Posts Tagged ‘Algebra 3’

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Algebra 3 Standards

July 14, 2014

StephReilly (@reilly1041) asked if I could post some of my material from Algebra 3, which gives me something to write about–yay!

a3bookBackground: When Texas went to requiring four years of math, my district decided to add an “Algebra 3” course. My instructions were to create a class that was beyond Algebra 2 and that could prepare students for college algebra. We picked a great textbook, which I generally followed.

Problem Solving StrategiesI also wanted to have my students practice problem solving, so about twice per six weeks, they had a problem set assigned. These were problems I (mostly) found from Problem Solving Strategies, which is a really great book. I liked these problems, because the math is fairly simple, but the thinking is not. I would give them one class day to work on the problems, and one week to get them finished and turned in.

Here’s what I ended up with for my standards (objectives):
Read the rest of this entry ?

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Cool Matrix Multiplication!

August 6, 2012

I had marked this post in my Reader feed to bookmark later, but Sam’s recent post inspired me to post about it sooner, rather than later.

For some unknown and mysterious reason, I have always loved matrices. Maybe it’s because my high school let me take it as an independent study class when I was a junior, or maybe because as a slightly-OCD-type person, I like seeing the numbers all nicely lined-up. Love of matrices also worked well in the 23+ years I spent as a database programmer (FOR-NEXT loops and 2-dimensional arrays are your friends).

Since I began teaching math eight years ago, and hooking back up with matrices and matrix operations, I was somewhat distressed to learn that I have forgotten a lot of what I used to know; moreover, I have a horrible time remembering the quirks for multiplication. This is why I think CalcDave’s post is so brilliant. Lookee:
Why didn't I ever think of this?

This makes so much sense! It also makes it easy to spot when the multiplication won’t work. I just wish matrices got more respect. The Texas standards (TEKS) for Algebra II only mention matrices once, and that is in the context of solving systems of equations (which means using a calculator). **sigh**

I teach Algebra III, which is an elective course that is designed to a) address the needs of students who are on an honors track, but aren’t ready/willing/able to take Precalculus and b) make sure students are prepared for College Algebra. Because it is an elective and there are no state standards, I have a pretty free rein in what I teach. I usually do a mini-unit on matrices, but not in very much depth. I think this method is inspiring me to maybe stretch it out a little more. From a placate-the-administrator standpoint, there are some nice TEKS (standards) for an elective course called Advanced Quantitative Reasoning that explicitly mention arrays and matrix manipulation that I might want to look into.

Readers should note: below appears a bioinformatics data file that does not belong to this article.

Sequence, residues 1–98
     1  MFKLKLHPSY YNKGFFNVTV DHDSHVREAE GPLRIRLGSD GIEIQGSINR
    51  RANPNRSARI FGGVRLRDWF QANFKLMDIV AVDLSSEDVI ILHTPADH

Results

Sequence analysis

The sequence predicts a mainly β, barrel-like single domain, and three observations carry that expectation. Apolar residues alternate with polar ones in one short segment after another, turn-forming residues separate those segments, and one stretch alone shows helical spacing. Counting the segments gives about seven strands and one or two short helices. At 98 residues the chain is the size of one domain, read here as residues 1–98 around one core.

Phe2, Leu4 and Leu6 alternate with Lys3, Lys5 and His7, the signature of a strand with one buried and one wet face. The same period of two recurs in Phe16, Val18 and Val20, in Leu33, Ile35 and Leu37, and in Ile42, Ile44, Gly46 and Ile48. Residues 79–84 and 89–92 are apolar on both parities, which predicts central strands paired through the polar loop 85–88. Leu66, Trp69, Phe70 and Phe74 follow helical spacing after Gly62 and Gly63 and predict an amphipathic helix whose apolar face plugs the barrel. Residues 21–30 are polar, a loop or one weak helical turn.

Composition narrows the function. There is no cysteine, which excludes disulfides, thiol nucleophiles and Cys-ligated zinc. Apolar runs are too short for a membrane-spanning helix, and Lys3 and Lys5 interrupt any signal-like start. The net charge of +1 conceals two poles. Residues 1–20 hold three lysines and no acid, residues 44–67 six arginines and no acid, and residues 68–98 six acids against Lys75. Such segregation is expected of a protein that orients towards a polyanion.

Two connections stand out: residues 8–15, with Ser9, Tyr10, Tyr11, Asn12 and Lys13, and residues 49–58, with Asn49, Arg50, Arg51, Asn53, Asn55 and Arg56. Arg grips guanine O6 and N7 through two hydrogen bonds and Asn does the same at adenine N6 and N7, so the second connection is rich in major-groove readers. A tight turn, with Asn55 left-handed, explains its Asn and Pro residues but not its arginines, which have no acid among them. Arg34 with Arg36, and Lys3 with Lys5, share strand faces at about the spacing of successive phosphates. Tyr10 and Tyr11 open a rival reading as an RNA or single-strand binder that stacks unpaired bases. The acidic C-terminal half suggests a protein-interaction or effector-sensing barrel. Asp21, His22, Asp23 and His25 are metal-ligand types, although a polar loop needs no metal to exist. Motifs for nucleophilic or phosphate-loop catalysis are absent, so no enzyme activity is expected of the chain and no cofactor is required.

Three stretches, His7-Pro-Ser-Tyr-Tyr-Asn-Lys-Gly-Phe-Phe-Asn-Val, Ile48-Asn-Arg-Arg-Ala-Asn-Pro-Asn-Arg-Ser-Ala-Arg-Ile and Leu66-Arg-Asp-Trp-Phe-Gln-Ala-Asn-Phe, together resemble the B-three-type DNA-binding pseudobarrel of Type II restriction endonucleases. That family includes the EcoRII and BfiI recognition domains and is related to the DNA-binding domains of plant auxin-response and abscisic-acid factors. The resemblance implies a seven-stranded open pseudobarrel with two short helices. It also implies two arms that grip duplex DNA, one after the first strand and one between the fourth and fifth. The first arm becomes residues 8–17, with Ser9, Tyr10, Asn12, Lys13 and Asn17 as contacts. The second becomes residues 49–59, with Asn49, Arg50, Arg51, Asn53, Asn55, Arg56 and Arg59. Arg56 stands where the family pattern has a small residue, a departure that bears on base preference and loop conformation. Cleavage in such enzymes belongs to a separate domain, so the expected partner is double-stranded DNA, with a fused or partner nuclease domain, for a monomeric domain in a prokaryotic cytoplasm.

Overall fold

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Algebra 3 Project Ideas

July 9, 2011

I have decided to have my A3 classes do an in-class “project” at the end of each six weeks. My reasons for this are:

  • It gives me an extra day to play with in case anything has to slide for some reason.
  • It provides something a little more “hands-on” in a class that is very abstract.
  • I like the idea of decompressing a little at the end of each six weeks.

In order for this to work, I need to come up with/find/steal some interesting things to do that I can loosely relate to A3.

Ideas so far

  • String art
  • Circle designs
  • Fractals
  • Deb’s paper folding thing
  • Origami
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Ideas and Changes

June 29, 2011

Since I can’t get to sleep …

Classroom

  • Move the “AGENDA” over to the small blackboard and split it so that I can put both Geometry and Algebra 3 agendas up.
  • Use the punch out letters for the date.
  • Put a sign by the calculators: “If your assigned calculator is missing, please inform Ms. Miller immediately.”
  • Buy some corks for the compasses.
  • Put an objective list on the back of the calendars.
  • Make “New Student” packets for each class.
  • DOMAIN/RANGE poster!

Geometry

  • Change warm-ups to be part of their classwork grade — 10 = 100%
  • In order to let them use their notebooks during the quizzes and still do notebook checks, go around during the quiz and check them while they are working.
    • Have them tape the checklist to the inside front cover of their spirals.
    • Use the checklist to figure their grade and then list the grade on the roll sheet.

Algebra 3

  • Have them read the section before the lecture.
  • Number by objective with the book section in parentheses.
  • Use a timer for the quiz.
  • After the B-day quiz, upload solutions for the homework.
  • Assign calculators.
  • I want problem sets to always be on Friday. This means that A and B classes may be on slightly different schedules.
    • On A-weeks, the A-day schedule would be lecture-quiz-problem set, while B-day would be lecture-quiz. The following week would then flip the schedule so that B-day would be lecture-quiz-problem set (ahead of A-day). Is this workable?
  • Look at shifting the topic list around to follow the same sequence as the textbook.
  • Definitely spend more time reviewing/practicing solving quadratics!